Unfortunately, it turns out that by the time I started to figure out what was actually happening, it was all way too late. To this day, I have light pitted scarring in places from the 8 month moderate-to-severe zit explosion on my face that never ceased. It has taught me a lot and pressed me to learn a lot about how skin actually functions, and that I probably should not have used that tretinoin once a day, that I have very sensitive skin that still struggles to tolerate tretinoin, and that I should not have remained with a doctor who I began to trust less and less.
From this experience, I went on to many others with doctors who made me cry (one looked at my face and said when I woke up “looking like that,” I shouldn’t be using anything on my face because everything was breaking me out) and who I just couldn’t talk to before arriving on a doctor who was wonderful, specializing in people with auto-immune conditions and skin conditions.
Sadly, my experience doesn’t seem to be entirely an uncommon phenomenon, and most people don’t know how to talk to their doctor (dermatologist or otherwise). Being as I’ve seen every type of doctor – from cardiologist to rheumatologist to dermatologist – and on a semi-regular basis (I see a rheumatologist every three months for tests/check-ups), I figured I would help anyone else who is in the same shoes I was in my early 20s navigate the waters a bit.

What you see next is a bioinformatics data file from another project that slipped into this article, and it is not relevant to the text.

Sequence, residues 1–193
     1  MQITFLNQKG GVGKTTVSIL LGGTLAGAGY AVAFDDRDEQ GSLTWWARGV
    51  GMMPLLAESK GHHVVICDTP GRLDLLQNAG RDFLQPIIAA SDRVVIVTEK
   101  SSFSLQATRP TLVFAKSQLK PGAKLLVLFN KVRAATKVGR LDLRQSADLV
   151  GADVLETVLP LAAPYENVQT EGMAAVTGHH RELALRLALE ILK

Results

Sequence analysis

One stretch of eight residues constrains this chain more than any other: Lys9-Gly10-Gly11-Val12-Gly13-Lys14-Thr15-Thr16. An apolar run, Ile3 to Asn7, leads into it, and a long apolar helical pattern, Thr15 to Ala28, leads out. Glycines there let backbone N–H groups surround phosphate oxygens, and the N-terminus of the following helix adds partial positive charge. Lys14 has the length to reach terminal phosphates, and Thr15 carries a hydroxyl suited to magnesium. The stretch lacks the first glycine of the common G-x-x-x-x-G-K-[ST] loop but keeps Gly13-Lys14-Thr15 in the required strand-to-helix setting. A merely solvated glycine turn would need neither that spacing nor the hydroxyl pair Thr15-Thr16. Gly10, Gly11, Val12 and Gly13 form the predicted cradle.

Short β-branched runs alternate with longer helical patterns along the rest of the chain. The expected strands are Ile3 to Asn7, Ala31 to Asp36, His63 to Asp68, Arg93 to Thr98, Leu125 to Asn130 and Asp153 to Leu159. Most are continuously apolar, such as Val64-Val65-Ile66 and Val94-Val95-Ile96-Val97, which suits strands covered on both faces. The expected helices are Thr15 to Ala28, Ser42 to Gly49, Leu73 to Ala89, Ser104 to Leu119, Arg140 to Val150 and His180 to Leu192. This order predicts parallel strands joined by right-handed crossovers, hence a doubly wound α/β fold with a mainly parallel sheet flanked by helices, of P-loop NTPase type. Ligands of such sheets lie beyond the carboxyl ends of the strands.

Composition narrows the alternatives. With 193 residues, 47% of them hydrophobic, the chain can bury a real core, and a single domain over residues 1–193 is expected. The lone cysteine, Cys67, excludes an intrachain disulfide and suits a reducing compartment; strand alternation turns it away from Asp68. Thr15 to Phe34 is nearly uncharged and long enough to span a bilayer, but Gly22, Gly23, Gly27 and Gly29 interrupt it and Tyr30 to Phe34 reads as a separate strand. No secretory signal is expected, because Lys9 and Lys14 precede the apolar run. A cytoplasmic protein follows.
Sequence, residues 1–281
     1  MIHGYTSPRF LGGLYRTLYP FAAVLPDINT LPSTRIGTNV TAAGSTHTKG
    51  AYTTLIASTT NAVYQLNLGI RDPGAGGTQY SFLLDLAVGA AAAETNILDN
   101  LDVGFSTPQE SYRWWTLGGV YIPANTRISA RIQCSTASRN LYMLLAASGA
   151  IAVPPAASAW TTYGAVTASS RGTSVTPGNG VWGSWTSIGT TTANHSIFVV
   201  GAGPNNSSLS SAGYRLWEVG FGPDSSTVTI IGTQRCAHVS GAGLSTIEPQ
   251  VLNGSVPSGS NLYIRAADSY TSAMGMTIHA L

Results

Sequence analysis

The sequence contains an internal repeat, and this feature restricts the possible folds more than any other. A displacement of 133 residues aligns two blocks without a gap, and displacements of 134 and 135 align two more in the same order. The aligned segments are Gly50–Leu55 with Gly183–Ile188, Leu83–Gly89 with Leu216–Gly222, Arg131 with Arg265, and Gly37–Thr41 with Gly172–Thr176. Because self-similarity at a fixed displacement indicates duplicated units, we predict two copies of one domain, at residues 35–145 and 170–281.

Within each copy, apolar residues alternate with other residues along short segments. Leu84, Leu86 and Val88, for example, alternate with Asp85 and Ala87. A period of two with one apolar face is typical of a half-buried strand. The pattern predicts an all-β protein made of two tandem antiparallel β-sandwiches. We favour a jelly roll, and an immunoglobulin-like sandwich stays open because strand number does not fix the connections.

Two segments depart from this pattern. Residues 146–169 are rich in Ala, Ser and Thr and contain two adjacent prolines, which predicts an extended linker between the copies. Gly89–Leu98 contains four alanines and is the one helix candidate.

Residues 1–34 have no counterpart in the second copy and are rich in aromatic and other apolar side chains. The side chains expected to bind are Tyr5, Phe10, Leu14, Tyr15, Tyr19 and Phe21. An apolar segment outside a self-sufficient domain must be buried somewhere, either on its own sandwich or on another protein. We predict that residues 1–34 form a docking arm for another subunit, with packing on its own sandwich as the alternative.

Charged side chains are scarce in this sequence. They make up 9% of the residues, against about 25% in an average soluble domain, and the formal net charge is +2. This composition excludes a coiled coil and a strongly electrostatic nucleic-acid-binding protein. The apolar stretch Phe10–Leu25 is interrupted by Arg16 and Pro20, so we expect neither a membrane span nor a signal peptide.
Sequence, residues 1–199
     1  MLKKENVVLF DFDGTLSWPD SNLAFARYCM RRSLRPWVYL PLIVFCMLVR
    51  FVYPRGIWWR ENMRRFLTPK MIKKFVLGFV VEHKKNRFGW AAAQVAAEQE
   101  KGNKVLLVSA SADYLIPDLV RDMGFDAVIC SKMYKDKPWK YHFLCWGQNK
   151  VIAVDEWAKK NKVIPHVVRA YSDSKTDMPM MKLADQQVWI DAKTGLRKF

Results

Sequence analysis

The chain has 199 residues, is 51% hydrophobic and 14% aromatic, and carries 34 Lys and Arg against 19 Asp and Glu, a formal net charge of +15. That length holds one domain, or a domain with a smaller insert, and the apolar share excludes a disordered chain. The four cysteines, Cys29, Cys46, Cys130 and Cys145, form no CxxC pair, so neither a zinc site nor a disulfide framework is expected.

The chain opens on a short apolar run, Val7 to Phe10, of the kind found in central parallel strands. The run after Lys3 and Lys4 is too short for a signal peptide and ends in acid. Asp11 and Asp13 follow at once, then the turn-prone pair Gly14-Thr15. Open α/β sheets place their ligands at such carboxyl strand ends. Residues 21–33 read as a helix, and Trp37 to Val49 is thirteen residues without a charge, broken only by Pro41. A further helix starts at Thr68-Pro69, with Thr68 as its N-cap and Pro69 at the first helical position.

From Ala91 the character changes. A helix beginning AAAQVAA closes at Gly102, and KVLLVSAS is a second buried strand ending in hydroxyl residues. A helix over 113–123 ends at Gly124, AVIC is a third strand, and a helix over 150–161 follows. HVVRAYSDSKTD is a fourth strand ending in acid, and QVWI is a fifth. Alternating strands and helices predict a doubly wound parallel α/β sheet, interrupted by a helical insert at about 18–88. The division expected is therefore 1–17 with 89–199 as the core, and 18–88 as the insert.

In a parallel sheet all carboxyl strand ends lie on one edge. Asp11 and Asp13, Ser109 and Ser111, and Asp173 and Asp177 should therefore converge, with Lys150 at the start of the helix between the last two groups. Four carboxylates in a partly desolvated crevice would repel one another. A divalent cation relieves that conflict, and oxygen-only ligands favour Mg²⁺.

When to See a Dermatologist the First Time
Many times on Reddit, I see people posting things like:
- “What is this?”
- “What does this look like to you?”
- “What is on my mouth? HELP!”
- “I don’t know what to do anymore”
- “I’ve tried everything and nothing works”
- “What should I try next?”
If you’ve hit the point where you feel like you are at the end of your rope, tried everything, or just can’t identify that weird rash, it is time to see a doctor. I know it is not always in people’s financial reach (particularly those of us in the US…), but there are many resources now for prescription strength topicals and a doctor’s care that don’t even require leaving the house or having insurance (particularly Curology).
If any of the following statements seem to identify with you, it is time to see a doctor:
- Is your acne leaving indented scars?
- Does it interfere with your day to day life on a regular basis (such as not wanting to leave the house or avoiding friends)?
- Does it seem to be linked to your periods or hormonal shifts?
- Did it onset very suddenly, without routine changes?
- Is it spreading? Any skin condition that seems to spread, especially if it spreads rapidly, requires professional medical treatment.
- Have you tried every fancy skincare product, every spot treatment, and dumped hundreds or thousands into skincare with no results?
Picking a Doctor
The worst doctor I ever saw was one my insurance picked out for me while the best was one I picked out for myself.